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A vivid story of an astonishing period in ancient Egypt’s history—1550 BC to 1295 BC—that tears away the gold and glamour to reveal how these great pharaohs ruthlessly ruled Egypt for two hundred and fifty years.
For more than two centuries, Egypt was ruled by the most powerful, successful, and richest dynasty of kings in its long end epic history. They included the female king Hatshepsut, the warrior kings Thutmose III and Amenhotep II, the religious radical Akhenaten and his queen, Nefertiti, and most famously of all—for the wealth found in his tomb—the short-lived boy king, Tutankhamun. The power and riches of the Pharaohs of the 18th Dynasty came at enormous cost to Egypt's enemies—and to most of its people. This was an age of ruthless absolutism, exploitation, extravagance, brutality, and oppression in a culture where not only did Egypt plunder its neighbors, but Egyptian kings (and their people) robbed one another.
3,500 years ago, ancient Egypt began two centuries of growth where it became richer and more powerful than any other nation in the world, ruled by the kings of the 18th Dynasty. They presided over a system built on war, oppression, and ruthlessness, pouring Egypt's wealth into grandiose monuments, temples, and extravagant tombs. Tutankhamun was one of the last of the line—and one of the most obscure. Among his predecessors were some of the most notorious and enigmatic figures of all of Egypt's history.
Pharaohs of the Sun is the story of these famed rulers, showing how their glamour and gold became tainted by selfishness, ostentation, and the systematic exploitation of Egypt's people and enemies.
Guy de la Be´doye`re has written a large several books on the Roman world, including Gladius; Domina: The Women Who Made Imperial Rome; Praetorian; and The Real Lives of Roman Britain for Yale University Press. He is well known to a wide audience because of the fifteen years he participated in Britain’s Channel 4’s archaeology series, Time Team. Guy is a Fellow of the Society of Antiquaries and is an accredited lecturer of the Arts Society. He lives in Britain.
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"A scrupulous yet accessible history of ancient Egypt under the 18th Dynasty. Complemented by striking illustrations and valuable appendices, this impressive survey will be welcomed by ancient history buffs." – Publishers Weekly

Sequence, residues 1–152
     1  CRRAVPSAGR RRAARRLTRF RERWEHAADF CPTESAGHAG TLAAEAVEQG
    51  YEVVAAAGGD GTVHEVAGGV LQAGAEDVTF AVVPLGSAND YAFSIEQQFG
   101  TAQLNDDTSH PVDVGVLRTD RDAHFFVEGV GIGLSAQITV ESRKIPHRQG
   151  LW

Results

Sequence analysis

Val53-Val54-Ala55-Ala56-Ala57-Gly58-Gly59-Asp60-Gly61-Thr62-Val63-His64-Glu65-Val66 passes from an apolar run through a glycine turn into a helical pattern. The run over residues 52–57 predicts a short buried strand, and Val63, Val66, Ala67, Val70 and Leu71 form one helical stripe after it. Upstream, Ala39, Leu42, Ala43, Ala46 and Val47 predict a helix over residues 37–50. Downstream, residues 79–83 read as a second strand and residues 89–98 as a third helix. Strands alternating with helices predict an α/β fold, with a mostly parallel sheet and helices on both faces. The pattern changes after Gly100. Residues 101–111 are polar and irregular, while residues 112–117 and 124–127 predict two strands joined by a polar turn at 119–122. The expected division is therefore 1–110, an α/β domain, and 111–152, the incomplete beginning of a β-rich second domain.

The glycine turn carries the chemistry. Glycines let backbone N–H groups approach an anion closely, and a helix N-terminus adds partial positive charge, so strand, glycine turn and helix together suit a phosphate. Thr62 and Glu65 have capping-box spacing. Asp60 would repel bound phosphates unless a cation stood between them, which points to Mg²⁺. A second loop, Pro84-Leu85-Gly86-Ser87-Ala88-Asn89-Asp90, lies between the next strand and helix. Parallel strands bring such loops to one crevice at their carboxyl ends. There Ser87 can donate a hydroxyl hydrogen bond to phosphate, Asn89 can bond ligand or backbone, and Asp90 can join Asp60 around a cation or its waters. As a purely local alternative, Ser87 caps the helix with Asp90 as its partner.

Praise for Guy de la Bédoyere:
“In his encyclopedic Gladius, Guy de la Bédoyère collects pretty much every fact known about what it was like to be in the military arm of the Roman Empire.” Thomas E. Ricks, The New York Times Book Review
"A splendid book that brings to life in its scholarship and animated style the lives of some of the most remarkable soldiers the world has ever seen. Gladius will be an absolute delight for those who are fascinated by the life and achievements of the world’s first and probably greatest professional army." Military History Matters
“Gladius is a highly successful introduction to the life of the Roman soldier. Making use of a wide range of sources, from stone inscriptions to colorful anecdotes, de la Bédoyère’s informative and readable book offers real immediacy to readers.” Clifford Ando, University of Chicago
“Gladius is a necessary work for scholars of Roman history, but will also prove interesting and informative reading for the armchair historian.” New York Military Affairs Review
“An illuminating and highly readable narrative about the role of women at the center of imperial Rome—fascinating and important.” Lesley Adkins, author of Handbook to Life in Ancient Rome
"The dramatic story of the soldiers at the heart of the Roman empire. Lively and full of insight, de la Bedoyere traces the history of the praetorians and the emperors they served, murdered and made, through three hundred years of intrigue and drama." Adrian Goldsworthy, author of Philip and Alexander: Kings and Conquerors
“A lively and up-to-date history of the Praetorian Guard, the anti-coup divisions of the Roman emperors from Augustus to Constantine. De la Bédoyère tells their story with clarity and panache, and his book can be most warmly recommended both to aspiring tyrants and the ordinary armchair historian.” The Sunday Times (London)